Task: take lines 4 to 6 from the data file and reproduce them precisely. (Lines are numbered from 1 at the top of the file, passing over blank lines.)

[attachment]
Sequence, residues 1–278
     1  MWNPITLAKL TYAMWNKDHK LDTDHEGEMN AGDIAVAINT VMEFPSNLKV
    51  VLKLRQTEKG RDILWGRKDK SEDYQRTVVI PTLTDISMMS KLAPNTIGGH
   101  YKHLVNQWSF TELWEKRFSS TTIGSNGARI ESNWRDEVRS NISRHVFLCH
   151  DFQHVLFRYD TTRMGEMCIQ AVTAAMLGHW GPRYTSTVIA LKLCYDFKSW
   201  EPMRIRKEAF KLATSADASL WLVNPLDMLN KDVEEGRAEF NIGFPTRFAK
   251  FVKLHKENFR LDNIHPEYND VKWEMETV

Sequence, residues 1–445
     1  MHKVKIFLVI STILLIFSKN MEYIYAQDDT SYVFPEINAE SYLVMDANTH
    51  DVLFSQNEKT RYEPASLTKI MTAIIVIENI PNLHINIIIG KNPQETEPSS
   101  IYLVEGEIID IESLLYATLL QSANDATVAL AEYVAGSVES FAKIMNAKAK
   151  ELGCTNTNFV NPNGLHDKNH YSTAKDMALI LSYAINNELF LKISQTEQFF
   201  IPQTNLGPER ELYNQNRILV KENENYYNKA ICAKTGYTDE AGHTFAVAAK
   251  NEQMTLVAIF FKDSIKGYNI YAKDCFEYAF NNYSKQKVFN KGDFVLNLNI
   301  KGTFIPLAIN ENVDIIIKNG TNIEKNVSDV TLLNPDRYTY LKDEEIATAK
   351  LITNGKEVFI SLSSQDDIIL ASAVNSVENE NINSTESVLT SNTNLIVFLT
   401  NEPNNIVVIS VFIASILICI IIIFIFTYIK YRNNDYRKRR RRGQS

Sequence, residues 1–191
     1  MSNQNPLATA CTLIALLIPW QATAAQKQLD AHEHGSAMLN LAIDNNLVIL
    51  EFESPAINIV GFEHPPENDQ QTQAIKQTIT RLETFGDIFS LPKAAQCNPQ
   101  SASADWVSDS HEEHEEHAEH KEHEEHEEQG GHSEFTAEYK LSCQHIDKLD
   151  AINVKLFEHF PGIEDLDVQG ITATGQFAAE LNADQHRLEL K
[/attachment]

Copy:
   101  YKHLVNQWSF TELWEKRFSS TTIGSNGARI ESNWRDEVRS NISRHVFLCH
   151  DFQHVLFRYD TTRMGEMCIQ AVTAAMLGHW GPRYTSTVIA LKLCYDFKSW
   201  EPMRIRKEAF KLATSADASL WLVNPLDMLN KDVEEGRAEF NIGFPTRFAK